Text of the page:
The China Post news staff and CNA
TAIPEI, Taiwan — The Central Bank of the Republic of China announced a 0.125-percentage-point hike in its discount rate yesterday, bringing its benchmark interest rate on loans to banks to 1.50 percent to go into effect from today.
Which means if an average citizen has a loan of NT$1 million from a bank, he will have to pay an extra of NT$104 in interests to the bank every month. The central bank also raised the rate on accommodations with collateral by 0.125 percentage points to 1.875 percent and the rate on accommodations without collateral to 3.750 percent.
The increases, announced in a quarterly policy-making meeting that day, were the second since June, when the central bank raised its discount rate by 0.125 percentage points to 1.375 percent after Taiwan’s economy staged a strong rebound in the first half of this year, thanks to its recovery from the global recession.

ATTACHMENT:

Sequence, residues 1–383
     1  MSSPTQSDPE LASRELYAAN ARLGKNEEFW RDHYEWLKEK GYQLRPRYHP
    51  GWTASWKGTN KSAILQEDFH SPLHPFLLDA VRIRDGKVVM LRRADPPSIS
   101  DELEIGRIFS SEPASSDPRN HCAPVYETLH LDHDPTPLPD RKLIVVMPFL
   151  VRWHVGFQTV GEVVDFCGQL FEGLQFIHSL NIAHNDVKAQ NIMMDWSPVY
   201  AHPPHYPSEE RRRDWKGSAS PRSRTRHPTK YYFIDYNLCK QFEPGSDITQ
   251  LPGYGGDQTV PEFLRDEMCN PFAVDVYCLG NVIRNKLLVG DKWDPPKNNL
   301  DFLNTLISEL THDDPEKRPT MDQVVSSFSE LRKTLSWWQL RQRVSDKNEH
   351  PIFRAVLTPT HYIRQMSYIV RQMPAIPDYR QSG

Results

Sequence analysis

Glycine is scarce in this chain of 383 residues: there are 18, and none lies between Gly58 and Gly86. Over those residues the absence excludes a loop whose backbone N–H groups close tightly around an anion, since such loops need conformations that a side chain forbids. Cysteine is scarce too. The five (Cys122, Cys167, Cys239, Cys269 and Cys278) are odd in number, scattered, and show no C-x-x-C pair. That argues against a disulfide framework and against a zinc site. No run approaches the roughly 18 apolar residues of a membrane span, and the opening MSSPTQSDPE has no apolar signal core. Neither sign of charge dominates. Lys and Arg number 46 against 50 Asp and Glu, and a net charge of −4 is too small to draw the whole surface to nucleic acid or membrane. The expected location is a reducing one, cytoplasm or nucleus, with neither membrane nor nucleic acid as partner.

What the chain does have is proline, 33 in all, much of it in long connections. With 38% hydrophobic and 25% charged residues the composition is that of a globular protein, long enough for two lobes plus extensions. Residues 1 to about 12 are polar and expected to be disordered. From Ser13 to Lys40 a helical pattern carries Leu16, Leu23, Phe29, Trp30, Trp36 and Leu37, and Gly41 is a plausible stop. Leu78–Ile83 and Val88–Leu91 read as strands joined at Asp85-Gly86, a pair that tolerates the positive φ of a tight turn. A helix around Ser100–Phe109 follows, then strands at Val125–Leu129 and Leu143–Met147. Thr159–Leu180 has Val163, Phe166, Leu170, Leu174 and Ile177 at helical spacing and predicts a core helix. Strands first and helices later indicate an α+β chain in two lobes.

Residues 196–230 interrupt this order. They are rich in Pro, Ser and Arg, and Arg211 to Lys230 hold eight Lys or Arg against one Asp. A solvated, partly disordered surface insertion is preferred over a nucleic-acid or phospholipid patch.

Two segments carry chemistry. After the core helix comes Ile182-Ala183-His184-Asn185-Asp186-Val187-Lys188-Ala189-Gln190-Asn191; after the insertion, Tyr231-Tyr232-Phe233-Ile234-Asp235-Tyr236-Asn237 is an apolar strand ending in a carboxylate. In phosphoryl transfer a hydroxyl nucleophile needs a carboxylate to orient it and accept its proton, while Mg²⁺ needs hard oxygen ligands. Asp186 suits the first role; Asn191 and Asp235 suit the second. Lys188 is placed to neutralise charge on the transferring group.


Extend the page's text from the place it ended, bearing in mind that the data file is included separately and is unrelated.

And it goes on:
The June hike marked the first time since 2008 that the central bank had raised its key interest rate.
The government has raised its forecast for Taiwan’s 2010 gross domestic product (GDP) growth to 8.24 percent from the previous estimate of 6.14 percent, after a 13.71 percent GDP increase for the first quarter and a 12.53 percent rise for the second quarter.
The central bank had lowered its discount rate seven times from September 2008 by a total of 2.375 percentage points before suspending the downward adjustment streak in the first quarter of last year. Since then, it had kept its key interest rate unchanged for five consecutive quarters.